The former T.A. Dugger Junior High student transferred to Christ School in Arden, North Carolina, as an eighth-grader. Five years later, he graduated as one of North Carolina’s best lacrosse players.
Vines — the brother of former Elizabethton tennis star Danielle Vines — set Christ School’s all-time record for goals scored with 203. He was an All-State selection three times, and was chosen as an All-American in each of the last two years while leading his team to back-to-back state championships.
Those efforts helped Vines land a Division I scholarship to North Carolina’s High Point University, which played powerhouses Duke, Maryland and Virginia last season.
Vines had a family connection to lacrosse.
“I grew up looking up to my cousin,” said Vines. “He always played in South Florida, and I wanted to give it a shot. I never had the opportunity until dad found a team in Bristol.”
It was a club team that traveled to Roanoke, Virginia, to play games. Vines played basketball at T.A. Dugger, but he saw a better future in the lesser-known sport — especially for a 5-foot, 100-pound kid.
“I hit puberty and grew a little bit,” he said.
Now 5-foot-9 and 170 pounds, Vines can handle the rigors of lacrosse.
Still, the move from Elizabethton to Christ School wasn’t easy, said Vines.
“I always knew if I wanted to play college lacrosse, I needed to go to a boarding school,” said Vines. “It was really hard, especially at first. But Christ School was so great and welcoming.”
What is lacrosse like?
Vines said the sport is similar to basketball in strategy.
“But the physicality is more like hockey,” he said. “There are player-to-player collisions, but most of the contact is done with the sticks. It’s like hockey in the air, but it’s a mix of a lot of sports.”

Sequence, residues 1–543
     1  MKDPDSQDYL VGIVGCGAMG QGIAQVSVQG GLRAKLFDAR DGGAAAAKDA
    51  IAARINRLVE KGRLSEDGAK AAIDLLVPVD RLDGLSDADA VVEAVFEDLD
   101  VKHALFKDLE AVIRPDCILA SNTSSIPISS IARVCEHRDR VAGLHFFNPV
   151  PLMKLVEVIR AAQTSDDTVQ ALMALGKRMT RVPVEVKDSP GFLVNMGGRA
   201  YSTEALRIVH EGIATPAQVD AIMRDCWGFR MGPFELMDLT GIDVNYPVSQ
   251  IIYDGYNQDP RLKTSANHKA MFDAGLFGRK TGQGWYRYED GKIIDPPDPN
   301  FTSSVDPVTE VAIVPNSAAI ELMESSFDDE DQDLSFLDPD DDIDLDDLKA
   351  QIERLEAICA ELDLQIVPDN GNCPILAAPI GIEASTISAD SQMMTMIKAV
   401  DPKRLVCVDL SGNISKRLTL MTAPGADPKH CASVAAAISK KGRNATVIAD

There are offensive and defensive players, somewhat similar to soccer.
“Sometimes a defensive player scores,” said Vines. “On our team, one of the defenders scored this season. Sometimes a goalie scores, and that’s exciting.”
How to succeed
Becoming a prolific goal scorer requires athletic and mental abilities and — perhaps surprisingly — passing skills.
“To score goals you have to be a passing threat,” said Vines, who finished second all-time at Christ School with 109 assists. “If you can’t pass, everyone will slide to you. You have to know where the slides are coming from, and where the help defense is coming from, and beat that, too. And obviously it takes a lot of time training and shooting.”
Vines said he believes speed is the reason High Point offered him the scholarship.
“I think speed is my No. 1 asset,” he said. “On the field, that’s always been something I’ve been blessed with. It’s something I work on hard.
“And I think High Point sees potential in me. I’m still filling out and maybe even growing. Plus, I’m a two-way (midfielder), which you don’t see very often. Most people specialize offense or defense, I play both ways.”
Facing NCAA powers
High Point’s schedule traditionally includes top programs like Duke, Maryland and Virginia.
“I’m excited to play against the best of the best,” said Vines. “I’m glad High Point schedules really tough teams at the beginning of the season. You’re thrown out there and it’s trial by fire. And I grew up watching those teams on championship weekend.”
The Panthers compete in the Southern Conference with schools like Richmond, Furman, Air Force and Mercer.
Danielle’s little brother
Vines’ sister not only won three state singles championships at Elizabethton, she is currently a tennis standout at Furman University.
Vines said Danielle’s success was a motivating factor for him.
“I would say it drove me to try to be like her,” said Vines. “She’s obviously incredible at what she does. I wanted to be as good as her, so it gave me a little bit of a drive.”